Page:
What is the efficacy of extracorporeal shockwave lithotripsy (ESWL) for the treatment of nephrolithiasis?

Updated: Jan 13, 2020
  • Author: Chirag N Dave, MD; Chief Editor: Bradley Fields Schwartz, DO, FACS  more...
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A systematic review found that the majority of studies showed no evidence that ESWL causes long-term adverse effects, including arterial hypertension, diabetes mellitus, kidney dysfunction, or infertility. [76] Nevertheless, a shift seems to be occurring from the use of ESWL to that of ureteroscopy, due to the latter’s greater efficacy. [77] A meta-analysis comparing the two approaches showed that although ESWL was just as effective for the management of stones less than 1 cm in the proximal ureter, ureteroscopy otherwise had the following advantages{ref77):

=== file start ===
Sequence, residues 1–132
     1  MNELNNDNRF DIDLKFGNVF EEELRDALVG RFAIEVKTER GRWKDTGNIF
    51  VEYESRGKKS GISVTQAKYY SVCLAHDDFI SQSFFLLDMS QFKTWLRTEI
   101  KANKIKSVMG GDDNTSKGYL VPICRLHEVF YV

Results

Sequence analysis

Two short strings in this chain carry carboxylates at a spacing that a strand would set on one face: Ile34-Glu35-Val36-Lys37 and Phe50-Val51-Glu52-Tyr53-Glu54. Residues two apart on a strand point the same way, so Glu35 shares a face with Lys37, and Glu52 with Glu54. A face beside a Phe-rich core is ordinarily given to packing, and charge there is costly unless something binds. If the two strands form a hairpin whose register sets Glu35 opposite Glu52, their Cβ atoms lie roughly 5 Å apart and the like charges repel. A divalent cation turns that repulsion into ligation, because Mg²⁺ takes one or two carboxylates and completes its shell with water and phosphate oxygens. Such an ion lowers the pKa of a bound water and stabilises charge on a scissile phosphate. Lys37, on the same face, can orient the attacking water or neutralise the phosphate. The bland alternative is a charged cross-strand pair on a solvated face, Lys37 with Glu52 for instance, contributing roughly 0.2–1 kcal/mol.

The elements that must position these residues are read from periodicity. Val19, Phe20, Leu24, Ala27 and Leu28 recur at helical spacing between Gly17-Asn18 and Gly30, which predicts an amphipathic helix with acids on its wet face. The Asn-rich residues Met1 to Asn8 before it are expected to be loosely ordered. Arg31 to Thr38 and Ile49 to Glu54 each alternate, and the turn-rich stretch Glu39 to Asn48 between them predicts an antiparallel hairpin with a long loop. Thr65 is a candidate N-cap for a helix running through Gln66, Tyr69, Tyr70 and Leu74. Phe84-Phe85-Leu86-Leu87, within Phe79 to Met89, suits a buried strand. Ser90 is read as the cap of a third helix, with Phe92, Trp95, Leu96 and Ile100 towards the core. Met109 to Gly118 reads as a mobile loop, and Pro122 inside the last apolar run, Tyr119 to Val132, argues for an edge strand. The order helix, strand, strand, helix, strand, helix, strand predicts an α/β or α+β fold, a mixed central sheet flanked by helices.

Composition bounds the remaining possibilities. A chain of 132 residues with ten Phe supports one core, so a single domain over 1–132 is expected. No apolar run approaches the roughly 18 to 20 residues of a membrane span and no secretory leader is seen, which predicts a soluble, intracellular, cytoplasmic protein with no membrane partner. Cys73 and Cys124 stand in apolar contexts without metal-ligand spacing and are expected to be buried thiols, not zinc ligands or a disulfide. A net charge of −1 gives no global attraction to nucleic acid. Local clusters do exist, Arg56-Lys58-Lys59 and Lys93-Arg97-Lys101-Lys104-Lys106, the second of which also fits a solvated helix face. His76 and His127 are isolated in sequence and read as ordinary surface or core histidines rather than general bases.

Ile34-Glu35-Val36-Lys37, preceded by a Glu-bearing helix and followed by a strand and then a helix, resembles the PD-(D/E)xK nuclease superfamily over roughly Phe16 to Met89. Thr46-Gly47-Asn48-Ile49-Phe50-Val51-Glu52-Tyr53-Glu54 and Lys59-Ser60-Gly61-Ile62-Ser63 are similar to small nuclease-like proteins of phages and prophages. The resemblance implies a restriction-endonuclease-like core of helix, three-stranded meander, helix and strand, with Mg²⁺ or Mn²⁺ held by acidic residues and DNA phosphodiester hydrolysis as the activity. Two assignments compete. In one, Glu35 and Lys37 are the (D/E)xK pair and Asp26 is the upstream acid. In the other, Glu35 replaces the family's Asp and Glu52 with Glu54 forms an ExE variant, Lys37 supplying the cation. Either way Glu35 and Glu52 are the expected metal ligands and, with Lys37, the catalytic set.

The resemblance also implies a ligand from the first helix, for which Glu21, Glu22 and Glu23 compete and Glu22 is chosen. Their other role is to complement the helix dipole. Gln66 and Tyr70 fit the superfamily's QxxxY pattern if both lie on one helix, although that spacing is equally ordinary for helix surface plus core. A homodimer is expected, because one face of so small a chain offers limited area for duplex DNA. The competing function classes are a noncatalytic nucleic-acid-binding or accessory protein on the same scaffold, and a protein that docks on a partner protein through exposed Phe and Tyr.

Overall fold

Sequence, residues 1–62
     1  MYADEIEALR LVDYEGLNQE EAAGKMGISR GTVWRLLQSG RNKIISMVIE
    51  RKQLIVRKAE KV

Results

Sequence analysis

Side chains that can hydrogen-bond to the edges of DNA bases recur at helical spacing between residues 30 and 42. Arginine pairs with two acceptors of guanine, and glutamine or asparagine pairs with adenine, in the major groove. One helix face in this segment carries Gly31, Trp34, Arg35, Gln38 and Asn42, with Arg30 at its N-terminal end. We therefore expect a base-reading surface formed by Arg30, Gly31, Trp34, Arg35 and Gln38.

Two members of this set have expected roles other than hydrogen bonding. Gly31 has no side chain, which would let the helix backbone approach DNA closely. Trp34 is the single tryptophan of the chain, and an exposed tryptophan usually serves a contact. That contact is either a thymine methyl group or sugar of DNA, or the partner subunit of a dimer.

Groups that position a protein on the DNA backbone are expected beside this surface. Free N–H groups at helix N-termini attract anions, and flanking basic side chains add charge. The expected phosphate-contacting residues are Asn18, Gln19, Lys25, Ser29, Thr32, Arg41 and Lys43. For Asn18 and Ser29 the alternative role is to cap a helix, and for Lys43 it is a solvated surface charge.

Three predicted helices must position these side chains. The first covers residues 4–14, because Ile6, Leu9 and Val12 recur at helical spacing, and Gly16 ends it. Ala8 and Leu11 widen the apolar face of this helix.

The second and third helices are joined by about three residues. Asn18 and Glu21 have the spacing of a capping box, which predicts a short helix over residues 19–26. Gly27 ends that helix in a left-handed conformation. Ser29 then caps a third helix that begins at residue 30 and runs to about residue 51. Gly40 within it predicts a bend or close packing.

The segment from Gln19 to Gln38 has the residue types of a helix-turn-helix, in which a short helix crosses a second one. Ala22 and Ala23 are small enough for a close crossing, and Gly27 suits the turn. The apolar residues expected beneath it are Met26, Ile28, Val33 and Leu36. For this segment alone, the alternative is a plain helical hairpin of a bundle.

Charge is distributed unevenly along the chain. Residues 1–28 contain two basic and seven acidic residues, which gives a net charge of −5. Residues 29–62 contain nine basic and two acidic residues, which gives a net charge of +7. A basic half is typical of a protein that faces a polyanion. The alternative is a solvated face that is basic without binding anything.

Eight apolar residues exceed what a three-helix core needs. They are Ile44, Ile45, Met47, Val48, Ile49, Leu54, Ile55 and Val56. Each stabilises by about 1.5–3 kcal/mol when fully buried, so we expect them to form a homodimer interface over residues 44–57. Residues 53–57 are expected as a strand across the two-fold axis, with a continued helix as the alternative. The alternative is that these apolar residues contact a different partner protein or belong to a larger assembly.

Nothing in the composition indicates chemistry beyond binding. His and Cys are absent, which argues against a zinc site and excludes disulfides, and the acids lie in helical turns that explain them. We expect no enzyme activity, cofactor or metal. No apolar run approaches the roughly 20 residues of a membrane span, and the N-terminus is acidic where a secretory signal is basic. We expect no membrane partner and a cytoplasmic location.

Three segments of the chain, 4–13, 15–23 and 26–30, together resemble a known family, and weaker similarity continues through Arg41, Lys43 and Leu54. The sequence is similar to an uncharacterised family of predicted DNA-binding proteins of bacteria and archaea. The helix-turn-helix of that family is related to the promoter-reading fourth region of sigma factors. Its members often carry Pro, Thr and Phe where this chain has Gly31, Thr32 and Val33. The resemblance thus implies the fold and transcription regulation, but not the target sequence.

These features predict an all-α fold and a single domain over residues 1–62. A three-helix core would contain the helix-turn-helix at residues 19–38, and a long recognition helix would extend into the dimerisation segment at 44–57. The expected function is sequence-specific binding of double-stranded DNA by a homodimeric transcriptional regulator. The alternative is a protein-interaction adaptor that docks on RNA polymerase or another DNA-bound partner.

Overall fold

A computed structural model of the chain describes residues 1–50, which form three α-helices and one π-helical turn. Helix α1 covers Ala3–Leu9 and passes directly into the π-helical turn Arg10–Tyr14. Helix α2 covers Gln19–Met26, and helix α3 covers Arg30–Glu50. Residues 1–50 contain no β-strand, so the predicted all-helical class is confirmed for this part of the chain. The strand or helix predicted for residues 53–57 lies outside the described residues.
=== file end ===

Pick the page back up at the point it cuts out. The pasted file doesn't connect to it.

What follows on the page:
• Higher stone-free rates (92% versus 77%
  • Less frequent need for retreatment (3% versus 21%)
  • Greater efficacy in obese patients

Although data have been somewhat conflicting, the EAU and urologic community recommend that MET be used as an adjunct to ESWL to expedite stone passage, increase stone-free rates, and potentially reduce analgesic requirements. [1]

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